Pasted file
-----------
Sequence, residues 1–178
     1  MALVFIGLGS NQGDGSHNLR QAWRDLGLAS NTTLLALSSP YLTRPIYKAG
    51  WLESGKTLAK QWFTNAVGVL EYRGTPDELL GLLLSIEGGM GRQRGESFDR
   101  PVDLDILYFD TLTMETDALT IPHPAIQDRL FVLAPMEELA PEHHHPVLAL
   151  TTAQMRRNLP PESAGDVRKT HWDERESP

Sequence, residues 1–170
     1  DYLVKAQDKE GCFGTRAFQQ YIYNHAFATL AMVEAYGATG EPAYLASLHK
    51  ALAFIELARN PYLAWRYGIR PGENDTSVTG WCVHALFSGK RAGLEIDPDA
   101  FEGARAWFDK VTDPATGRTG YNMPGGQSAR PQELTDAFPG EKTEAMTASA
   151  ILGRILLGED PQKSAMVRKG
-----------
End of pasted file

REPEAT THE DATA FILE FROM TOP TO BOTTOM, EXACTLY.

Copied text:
Sequence, residues 1–178
     1  MALVFIGLGS NQGDGSHNLR QAWRDLGLAS NTTLLALSSP YLTRPIYKAG
    51  WLESGKTLAK QWFTNAVGVL EYRGTPDELL GLLLSIEGGM GRQRGESFDR
   101  PVDLDILYFD TLTMETDALT IPHPAIQDRL FVLAPMEELA PEHHHPVLAL
   151  TTAQMRRNLP PESAGDVRKT HWDERESP

Sequence, residues 1–170
     1  DYLVKAQDKE GCFGTRAFQQ YIYNHAFATL AMVEAYGATG EPAYLASLHK
    51  ALAFIELARN PYLAWRYGIR PGENDTSVTG WCVHALFSGK RAGLEIDPDA
   101  FEGARAWFDK VTDPATGRTG YNMPGGQSAR PQELTDAFPG EKTEAMTASA
   151  ILGRILLGED PQKSAMVRKG